Two months after media-mogul Ted Turner donated $1 million to the Dian Fossey Gorilla Fund International, the group has already begun to expand conservation efforts in Eastern Congo amid growing regional instability.
The gift has allowed the organization to create several new field sub-stations to monitor indigenous eastern lowland gorillas in the area and employ more than 25 local trackers to follow their movements.
However, because the lowland gorillas are not used to having researchers study and track them, it’s been difficult following them, said Erika Archibald, the communications director at the Fossey Fund.
“It’s almost like we’re doing what Dian Fossey did 40 years ago, getting the gorillas to adapt to a human presence,” Dr. Archibald said.
The fund wants to track the gorillas because those that are regularly monitored are much less likely to be killed by poachers via snares, said Veronica Vecellio, the coordinator of the gorilla research program at the DFGFI’s Karisoke Research Center in Rwanda, at Mr. Turner’s announcement in March.
Poaching has become increasingly common in several central African countries as a food source and commodity.
And although current fighting in nearby areas in Rwanda and the Democratic Republic of the Congo has made the organization consider pulling out some of its researchers, their work has thus far continued unaffected and will continue to proceed as normal, Dr. Archibald predicted.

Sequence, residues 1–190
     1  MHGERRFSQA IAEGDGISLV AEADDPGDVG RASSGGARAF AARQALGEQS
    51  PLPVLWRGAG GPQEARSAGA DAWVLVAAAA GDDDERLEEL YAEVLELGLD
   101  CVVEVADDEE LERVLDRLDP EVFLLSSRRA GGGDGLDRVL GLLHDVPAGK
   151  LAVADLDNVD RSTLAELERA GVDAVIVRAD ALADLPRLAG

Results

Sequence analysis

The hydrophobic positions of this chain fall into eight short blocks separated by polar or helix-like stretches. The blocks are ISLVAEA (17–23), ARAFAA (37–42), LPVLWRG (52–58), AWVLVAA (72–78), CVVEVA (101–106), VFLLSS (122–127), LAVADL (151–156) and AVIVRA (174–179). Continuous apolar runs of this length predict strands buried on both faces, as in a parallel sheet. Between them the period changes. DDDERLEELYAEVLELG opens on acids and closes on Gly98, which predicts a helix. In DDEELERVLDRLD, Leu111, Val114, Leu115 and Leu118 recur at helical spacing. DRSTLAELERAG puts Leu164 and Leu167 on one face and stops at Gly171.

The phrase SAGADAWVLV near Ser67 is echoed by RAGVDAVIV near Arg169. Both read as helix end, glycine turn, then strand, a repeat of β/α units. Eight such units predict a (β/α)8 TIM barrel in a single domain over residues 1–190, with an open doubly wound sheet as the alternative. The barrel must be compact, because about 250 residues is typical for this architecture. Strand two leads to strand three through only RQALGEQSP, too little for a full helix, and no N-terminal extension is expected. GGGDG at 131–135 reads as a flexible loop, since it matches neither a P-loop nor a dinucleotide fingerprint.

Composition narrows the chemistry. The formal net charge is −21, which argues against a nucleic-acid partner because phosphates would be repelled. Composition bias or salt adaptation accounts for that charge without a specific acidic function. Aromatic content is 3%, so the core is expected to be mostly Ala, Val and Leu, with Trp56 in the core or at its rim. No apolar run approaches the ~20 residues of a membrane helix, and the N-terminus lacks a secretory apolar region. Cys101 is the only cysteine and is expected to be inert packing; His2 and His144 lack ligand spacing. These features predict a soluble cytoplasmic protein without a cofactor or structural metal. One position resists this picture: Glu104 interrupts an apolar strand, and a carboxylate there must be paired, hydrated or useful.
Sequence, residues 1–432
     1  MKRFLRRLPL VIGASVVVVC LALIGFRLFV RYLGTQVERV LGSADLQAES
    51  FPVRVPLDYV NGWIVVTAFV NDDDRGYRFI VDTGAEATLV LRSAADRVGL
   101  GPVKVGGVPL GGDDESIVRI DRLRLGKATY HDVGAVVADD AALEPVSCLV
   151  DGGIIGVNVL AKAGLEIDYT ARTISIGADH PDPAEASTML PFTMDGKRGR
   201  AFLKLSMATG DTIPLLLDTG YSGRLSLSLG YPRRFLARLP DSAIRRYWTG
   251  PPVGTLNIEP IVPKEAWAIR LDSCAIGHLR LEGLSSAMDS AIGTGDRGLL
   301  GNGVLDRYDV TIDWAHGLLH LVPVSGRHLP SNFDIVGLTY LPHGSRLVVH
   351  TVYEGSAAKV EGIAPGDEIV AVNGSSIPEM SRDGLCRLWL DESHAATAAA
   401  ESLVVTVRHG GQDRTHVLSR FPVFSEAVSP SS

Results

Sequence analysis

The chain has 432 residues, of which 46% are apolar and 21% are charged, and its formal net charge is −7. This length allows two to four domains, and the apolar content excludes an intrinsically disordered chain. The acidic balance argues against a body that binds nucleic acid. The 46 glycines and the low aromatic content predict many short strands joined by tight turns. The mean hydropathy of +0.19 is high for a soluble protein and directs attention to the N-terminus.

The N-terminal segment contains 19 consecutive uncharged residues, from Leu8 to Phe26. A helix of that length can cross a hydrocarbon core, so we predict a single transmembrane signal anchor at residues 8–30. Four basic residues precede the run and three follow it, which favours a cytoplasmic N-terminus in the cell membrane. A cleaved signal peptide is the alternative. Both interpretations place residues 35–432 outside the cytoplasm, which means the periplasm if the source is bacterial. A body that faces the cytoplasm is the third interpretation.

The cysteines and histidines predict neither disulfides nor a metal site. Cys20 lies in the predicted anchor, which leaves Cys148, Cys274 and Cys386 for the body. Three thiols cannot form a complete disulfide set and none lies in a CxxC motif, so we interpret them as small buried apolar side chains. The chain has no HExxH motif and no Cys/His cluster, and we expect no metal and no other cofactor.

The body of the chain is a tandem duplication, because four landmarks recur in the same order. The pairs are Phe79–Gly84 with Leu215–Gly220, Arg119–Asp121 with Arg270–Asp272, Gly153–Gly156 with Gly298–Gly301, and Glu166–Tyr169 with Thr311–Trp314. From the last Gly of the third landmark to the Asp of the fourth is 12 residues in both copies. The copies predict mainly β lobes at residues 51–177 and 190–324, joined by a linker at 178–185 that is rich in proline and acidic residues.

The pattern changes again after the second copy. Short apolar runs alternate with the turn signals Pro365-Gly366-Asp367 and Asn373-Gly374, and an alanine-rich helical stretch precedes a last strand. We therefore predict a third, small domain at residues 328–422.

With the new funds, Mrs. Vecellio said it was the organization’s obligation to expand its protection to the eastern lowland gorillas.
“We have the responsibility and the commitment to continue our monitoring,” Dr. Vecellio said. “Now that we have a new gorilla group … we really wish to use new funds to increase our field operations.”
Mr. Turner has long been known for his active philanthropy and environmental work, even making a visit to the DRC to inspect the gorilla conservation work of the Fossey Foundation at the Virunga National Park in 2009.
His donation was the largest single gift the organization has ever received, according to Clare Richardson, president and CEO of the Fossey Foundation.
The DFGFI is based out of Zoo Atlanta, which also hosts 24 gorillas, the single largest collection in the country.
The organization came to the zoo in 1995 at the behest of Terry Maple, then director of Zoo Atlanta who is largely credited with restoring the zoo’s international reputation.
Since the move, the zoo has been able to expand its research on both the gorillas housed locally and the gorillas monitored by DFGFI in Africa.
For example, both organizations support Tara Stoinski, an Atlanta-based primatologist and the DFGFI’s lead researcher that focuses on primate cognition, social behavior and reproductive strategies in the wild.
In addition to its community-managed reserves and national parks in the Democratic Republic of Congo, the DFGFI maintains a staff of scientists, trackers and anti-poaching patrols in Rwanda’s Volcanoes National Park, which is where they operate the Karisoke Research Center.
In January, DFGFI named Felix Ndagijimana as the center’s director, the first-ever Rwandan national to hold the position, on the would-be 80th birthday of Dian Fossey.